“Can we just not put the lines in the water for 10 minutes?”
I was exhausted and frazzled, but exhilarated, when I said that as we approached our limit on my third day fishing in Barkley Sound. That’s how fast they were hitting the anchovies off of Austin that day. Of course, that was a rookie question, and of course, the answer was “Heck, no!”
That Saturday afternoon was my third full day of the first salmon fishing trip of my life, and it was everything I’d been promised and more. I’ve known Island Fisherman publisher Joel Unickow for more than a decade. Every spring, he would tell me “You’ve got to come up to the island and fish. You won’t believe how amazing it is.” And every spring, I’d say “Maybe next year”—it’s a long trip from Wisconsin, and while I enjoy fishing, I wouldn’t call myself a fisherman. To be honest, as much as I love the outdoors, I’m more of a city guy—museums, art galleries, and people-watching is more my style.
But last year, I finally said yes, and discovered just what he and everyone else involved with the magazine has been bragging about. I spent 5 days in Nanaimo and Bamfield (well, mostly on the water in Barkley Sound), and I flew home with a cooler full of salmon, memories to last a lifetime, and the knowledge that I’d just experienced something so special I could hardly believe it actually happened. I’d say it was a once- in-a-lifetime experience, but I’m already figuring out how and when I can come back. Sure, the fishing was amazing—of course it was—but the whole experience is one I can’t wait to repeat, hopefully with my family next time.
Joel had all the gear, so all I had to pack was my clothes. He warned me that the weather on Vancouver Island was unpredictable, and that I should be prepared for cold, wind, rain, sun, and heat—all in the same day. I made sure to bring a pair of rubber-soled, waterproof shoes for the boat (a pair of closed-toed Keen sandals worked great) as well as a wide-brimmed hat, sunscreen, rash guard shirts, a thick hoodie, and shorts. Joel provided fishing bibs and rain gear, which we thankfully never needed.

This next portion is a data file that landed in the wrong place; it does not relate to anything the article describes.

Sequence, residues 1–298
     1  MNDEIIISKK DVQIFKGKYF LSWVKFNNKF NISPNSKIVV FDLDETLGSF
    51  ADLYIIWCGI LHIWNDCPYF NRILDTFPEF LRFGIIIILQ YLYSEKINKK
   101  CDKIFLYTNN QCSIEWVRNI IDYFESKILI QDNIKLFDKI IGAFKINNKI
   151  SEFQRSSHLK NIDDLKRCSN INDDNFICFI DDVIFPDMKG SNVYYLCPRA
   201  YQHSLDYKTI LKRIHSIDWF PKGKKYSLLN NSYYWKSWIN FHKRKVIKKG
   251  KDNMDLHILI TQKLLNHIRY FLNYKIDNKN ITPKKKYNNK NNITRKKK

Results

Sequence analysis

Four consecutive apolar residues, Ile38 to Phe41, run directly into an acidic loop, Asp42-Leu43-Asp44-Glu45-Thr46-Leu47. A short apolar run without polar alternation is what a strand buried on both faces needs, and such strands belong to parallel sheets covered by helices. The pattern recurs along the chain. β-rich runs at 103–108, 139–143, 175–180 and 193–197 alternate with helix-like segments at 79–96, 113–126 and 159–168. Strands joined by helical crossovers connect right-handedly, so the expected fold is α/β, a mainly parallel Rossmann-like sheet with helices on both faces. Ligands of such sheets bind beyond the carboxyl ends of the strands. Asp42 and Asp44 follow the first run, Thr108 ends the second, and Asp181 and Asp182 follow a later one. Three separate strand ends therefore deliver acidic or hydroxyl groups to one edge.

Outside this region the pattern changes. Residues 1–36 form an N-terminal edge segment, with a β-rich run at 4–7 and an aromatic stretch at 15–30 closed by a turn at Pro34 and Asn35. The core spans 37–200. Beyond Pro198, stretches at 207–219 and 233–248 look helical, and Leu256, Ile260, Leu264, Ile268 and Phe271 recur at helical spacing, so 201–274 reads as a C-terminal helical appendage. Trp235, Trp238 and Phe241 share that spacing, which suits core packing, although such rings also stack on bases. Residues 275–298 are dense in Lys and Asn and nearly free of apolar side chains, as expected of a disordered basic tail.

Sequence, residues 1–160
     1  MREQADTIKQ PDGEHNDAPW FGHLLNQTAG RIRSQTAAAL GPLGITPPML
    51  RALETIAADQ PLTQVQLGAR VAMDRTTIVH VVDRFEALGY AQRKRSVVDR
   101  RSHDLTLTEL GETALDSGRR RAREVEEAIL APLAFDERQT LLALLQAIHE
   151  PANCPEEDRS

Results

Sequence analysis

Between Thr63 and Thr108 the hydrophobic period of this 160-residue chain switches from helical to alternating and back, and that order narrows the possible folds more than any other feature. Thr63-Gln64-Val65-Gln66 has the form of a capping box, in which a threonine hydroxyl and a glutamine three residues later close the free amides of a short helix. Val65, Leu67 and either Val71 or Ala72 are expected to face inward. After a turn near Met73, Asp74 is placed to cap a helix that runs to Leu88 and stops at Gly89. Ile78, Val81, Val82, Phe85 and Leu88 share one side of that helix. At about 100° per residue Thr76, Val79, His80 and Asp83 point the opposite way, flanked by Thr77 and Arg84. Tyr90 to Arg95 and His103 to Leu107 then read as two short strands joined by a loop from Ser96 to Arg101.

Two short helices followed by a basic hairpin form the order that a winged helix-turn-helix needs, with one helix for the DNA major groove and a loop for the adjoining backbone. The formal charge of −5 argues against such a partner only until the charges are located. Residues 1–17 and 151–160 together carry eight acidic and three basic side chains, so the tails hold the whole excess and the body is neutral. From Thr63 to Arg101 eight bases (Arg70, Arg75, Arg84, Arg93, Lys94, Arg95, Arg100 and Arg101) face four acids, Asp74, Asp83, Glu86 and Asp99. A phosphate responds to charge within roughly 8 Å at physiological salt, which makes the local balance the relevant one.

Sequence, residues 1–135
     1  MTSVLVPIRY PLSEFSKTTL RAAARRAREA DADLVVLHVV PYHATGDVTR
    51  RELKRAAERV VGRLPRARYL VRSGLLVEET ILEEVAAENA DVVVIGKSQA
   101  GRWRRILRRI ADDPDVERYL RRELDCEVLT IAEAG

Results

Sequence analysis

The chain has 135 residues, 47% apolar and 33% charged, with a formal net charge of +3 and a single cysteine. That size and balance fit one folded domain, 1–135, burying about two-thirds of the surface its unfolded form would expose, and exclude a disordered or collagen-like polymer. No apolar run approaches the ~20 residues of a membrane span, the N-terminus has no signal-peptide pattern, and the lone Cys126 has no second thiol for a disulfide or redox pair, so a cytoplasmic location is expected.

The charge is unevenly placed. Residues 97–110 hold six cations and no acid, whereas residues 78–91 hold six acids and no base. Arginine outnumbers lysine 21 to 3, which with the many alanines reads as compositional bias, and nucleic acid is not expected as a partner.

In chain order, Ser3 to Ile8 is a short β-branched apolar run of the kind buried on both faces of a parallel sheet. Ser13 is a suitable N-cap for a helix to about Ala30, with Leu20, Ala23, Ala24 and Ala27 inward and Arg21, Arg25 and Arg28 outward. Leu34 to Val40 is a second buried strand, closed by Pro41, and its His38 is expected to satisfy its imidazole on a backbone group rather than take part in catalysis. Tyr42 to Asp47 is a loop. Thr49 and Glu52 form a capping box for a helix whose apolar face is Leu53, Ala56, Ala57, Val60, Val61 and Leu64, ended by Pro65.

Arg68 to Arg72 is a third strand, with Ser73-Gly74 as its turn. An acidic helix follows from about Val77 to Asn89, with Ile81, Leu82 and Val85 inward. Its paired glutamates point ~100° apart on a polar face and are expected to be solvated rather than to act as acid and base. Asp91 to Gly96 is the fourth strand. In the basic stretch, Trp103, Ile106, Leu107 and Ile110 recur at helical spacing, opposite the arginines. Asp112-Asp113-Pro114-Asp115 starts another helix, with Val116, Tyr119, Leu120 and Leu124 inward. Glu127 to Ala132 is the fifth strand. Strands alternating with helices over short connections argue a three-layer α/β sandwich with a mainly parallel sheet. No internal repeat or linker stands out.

I flew into Victoria from Milwaukee by way of Seattle. It was about a 7-hour trip, but it was an easy flight to SeaTac, and YYJ is a small airport. I’m used to traveling internationally for business, and so was expecting the usual interrogation at customs—“What brings you to Canada? What kind of business do you do? Who’s the DFO minister?”—but all I got was a friendly “Got all your luggage?” and I was on my way to the Travelodge in Sidney.
After a monster breakfast at the Five & Dime, Joel came and picked me up and gave me a whirlwind tour of downtown Victoria. I’d never been, and I was taken by its lovely gardens, quaint Victorian (duh) vibe, and the lovely marina. I even managed to snag a wonderful First Nations t-shirt for my wife at Northwest Origins while Joel circled the block in the Island Fisherman pickup truck (the locals will know the one, I’m sure), and then we were headed north.
Within a half-hour, the city might as well have been hundreds of miles away. We ascended quickly among the towering Douglas Fir, and this Midwesterner was blown away. We’ve got beautiful old-growth pines and cedars in the Chequamegon-Nicolet forest in northern Wisconsin, but it’s not the same. (For one thing, it’s flat and loaded with mosquitos, and I didn’t see one mosquito on Vancouver Island last August.) We stopped at the lookout point near Malahat and took it all in. “You get it now, don’t you?,” Joel asked. Yeah, I got it. The view was stunning, and even with the traffic racing past behind us, I was beginning to get a sense of just how tranquil Vancouver Island is.
We stopped in Cowichan Bay—a lovely little tourist and fishing town—to grab a quick bite at the Cow Bay Marine Pub and watch the kayakers for a bit before resuming our journey north. We had to stop in Duncan to check out West Coast Tees, where I was spoiled for choice. No cheesy souvenirs there; just first-class designs and great craftsmanship on all the merchandise. But the best part of the drive was the drive itself. I already felt the demands of work and home slipping away as I took in the view of the hills as we approached Nanaimo.